subtextual and more self-conscious. I would look at the revoking of 16
human rights laws and how can I make that part of the subtext of the
different options to play a love scene between Jeremy Irons and
Gong-Li. Or Gong-Li and her boyfriend. It functioned on all those
levels. That was really interesting. I enjoyed working that way. It’s
a different way of determining how you approach a scene.
iW: I had heard that the film, after the festival screenings, took on a
Wang: We recut it. We took out about ten minutes, we added more
narration, and we put in a new scene with Maggie Cheung’s character,
which is the ending scene.
iW: Tell me about the choices and how they came about. Were you not
satisfied with the first cut?
Wang: I was happy with the first cut, personally, because it’s more
elliptical, more abstract, and a little indulgent — which I didn’t mind in
this case. It doesn’t have as much narration also. For most of the
audience concern, they were having a tough time with it. So I said,
Okay, I have a chance to reshape it differently, and not compromise too
much. I put in more narration with Jeremy, and cut it tighter, which I
didn’t mind, it was good to cut it tighter. And then ultimately, the
ending scene with Maggie is what I’m really happy about.
iW: Most people identify you with “Smoke”, maybe “The Joy Luck Club.”
Do you think the audience is expecting something different when they see
the new Wayne Wang movie?
Wang: What would they expect? (Laughs)
iW: I don’t know. I think it’s more interesting, but I think it’s more
Wang: I don’t know what people expect. I try not to think about that. I
know why I did the film the way I did it. I just. . . I really liked
“Smoke”, but honestly I was a little bored making “Smoke.” That’s why I
made “Blue in the Face” because it was pure adrenaline, so to speak, on
an improvisational level, again, it’s like playing jazz. And I wanted
to combine the two — I wanted both. I don’t want just to improvise,
because there’s not enough substantial information there. So “Chinese
Box” is predictable for me in the sense that it’s stylistically “Smoke”
and “Blue in the Face,” and content-wise, it’s both “Smoke” and “The Joy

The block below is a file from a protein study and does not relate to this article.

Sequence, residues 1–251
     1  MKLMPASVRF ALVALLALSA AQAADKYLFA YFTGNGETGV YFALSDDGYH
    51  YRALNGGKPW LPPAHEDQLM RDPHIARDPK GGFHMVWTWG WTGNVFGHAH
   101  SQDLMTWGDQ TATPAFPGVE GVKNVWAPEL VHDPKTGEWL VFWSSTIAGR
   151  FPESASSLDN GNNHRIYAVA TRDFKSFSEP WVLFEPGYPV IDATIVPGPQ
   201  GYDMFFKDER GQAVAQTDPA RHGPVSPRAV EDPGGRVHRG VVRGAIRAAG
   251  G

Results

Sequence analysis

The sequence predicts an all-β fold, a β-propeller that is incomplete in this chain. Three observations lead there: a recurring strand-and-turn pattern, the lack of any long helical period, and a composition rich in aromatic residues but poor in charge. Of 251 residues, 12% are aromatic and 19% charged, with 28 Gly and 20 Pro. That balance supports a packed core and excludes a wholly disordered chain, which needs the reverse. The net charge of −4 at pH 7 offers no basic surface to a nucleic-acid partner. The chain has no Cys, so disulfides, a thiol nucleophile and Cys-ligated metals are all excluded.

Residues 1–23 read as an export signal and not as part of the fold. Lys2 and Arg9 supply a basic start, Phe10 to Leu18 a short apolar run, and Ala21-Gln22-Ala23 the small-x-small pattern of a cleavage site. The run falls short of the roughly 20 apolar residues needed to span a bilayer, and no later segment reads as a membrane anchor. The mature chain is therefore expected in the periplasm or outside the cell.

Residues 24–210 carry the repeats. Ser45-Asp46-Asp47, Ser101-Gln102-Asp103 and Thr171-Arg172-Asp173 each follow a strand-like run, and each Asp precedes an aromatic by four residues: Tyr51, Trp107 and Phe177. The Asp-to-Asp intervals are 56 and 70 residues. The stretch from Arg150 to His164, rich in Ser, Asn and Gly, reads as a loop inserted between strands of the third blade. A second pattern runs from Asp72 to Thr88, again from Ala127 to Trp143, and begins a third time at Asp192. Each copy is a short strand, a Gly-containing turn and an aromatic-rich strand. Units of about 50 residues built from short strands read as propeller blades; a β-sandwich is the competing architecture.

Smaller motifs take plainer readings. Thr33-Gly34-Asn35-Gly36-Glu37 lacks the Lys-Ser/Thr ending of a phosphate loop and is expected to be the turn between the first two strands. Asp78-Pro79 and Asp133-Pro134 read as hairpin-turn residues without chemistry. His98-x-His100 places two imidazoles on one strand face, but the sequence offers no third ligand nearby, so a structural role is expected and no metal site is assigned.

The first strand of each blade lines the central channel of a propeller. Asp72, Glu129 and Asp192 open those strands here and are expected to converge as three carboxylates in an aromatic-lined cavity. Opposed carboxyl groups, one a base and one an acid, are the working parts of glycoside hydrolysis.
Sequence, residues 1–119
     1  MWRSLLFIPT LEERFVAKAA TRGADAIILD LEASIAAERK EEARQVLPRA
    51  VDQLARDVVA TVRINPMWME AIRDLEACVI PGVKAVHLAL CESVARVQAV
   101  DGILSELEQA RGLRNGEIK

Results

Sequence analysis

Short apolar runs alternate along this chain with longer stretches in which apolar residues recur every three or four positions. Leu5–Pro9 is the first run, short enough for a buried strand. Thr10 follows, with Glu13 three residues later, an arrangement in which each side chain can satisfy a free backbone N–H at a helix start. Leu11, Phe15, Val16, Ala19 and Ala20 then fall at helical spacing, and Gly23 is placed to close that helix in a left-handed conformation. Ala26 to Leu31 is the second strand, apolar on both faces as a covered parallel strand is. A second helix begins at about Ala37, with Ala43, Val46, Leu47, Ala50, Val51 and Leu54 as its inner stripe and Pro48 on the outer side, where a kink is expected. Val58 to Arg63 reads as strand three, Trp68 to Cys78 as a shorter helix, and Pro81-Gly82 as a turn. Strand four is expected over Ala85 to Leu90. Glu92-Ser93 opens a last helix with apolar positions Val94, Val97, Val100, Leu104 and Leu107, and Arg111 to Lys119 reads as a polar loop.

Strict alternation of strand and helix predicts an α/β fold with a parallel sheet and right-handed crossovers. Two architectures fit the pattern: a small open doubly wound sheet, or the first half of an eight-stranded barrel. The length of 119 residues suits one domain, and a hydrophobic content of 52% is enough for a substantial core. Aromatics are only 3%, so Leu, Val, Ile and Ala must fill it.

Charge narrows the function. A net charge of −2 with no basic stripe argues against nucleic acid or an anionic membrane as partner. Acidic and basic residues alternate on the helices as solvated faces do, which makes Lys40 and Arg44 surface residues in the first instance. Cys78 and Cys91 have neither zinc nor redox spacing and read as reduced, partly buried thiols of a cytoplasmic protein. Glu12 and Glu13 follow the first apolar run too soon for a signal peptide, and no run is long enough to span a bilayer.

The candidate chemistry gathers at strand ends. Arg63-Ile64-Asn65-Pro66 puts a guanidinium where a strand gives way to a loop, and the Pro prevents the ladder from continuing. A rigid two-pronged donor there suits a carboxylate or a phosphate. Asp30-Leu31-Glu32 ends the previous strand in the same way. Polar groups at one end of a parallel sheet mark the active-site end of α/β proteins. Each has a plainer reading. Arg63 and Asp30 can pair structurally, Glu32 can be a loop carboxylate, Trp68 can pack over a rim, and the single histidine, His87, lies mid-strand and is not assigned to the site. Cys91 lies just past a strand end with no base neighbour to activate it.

Luck Club” because it’s about an English journalist trying to understand
the Chinese world, in that sense, I think it’s quite predictable.
Although stylistically it’s more experimental, it’s more stylized than
the films I’ve done.
iW: Hong Kong as a milieu is almost the whole movie. That’s all you
need, right? The changeover. You have such a powerful environment.
So, how did the actual city of Hong Kong create your movie?
Wang: If I didn’t have to deal with certain realities such as having
characters or having stars in the movie, I would have made “Le Soleil,”
the Chris Marker movie, in a very impressionistic style and just focused
on the city. That would have been a more interesting movie, but I may
not get distributed, it would probably just show in film festivals.
That, in itself, is a really wonderful, broad, interesting framework
already. In a way, there are aspects of “Le Soleil”, a lot of the video
stuff that Jeremy’s character was filming about the city itself, things
like that, were very much inspired by that.
iW: So do you feel you have a better understanding of where you come
Wang: A little bit more. I think there’s a part of me that
subconsciously suppressed how much I was a colonial citizen. . .
iW: When your alter-ego is Jeremy Irons. . .
Wang: Yeah, right. So, I think what I found out is that I have to
accept the fact that actually, I’m very influenced by the English and
that’s very much part of my growing up. In a way that came even before
the Americanization of myself, and that’s something that was rekindled
in this whole process. I also found that the city of Hong Kong will
forever be different. With that lowering of the flag, with that
midnight and the hand over, the city will forever be different, the city
that I grew up in, the city that I know, will forever be different.
That’s what the movie is about for me.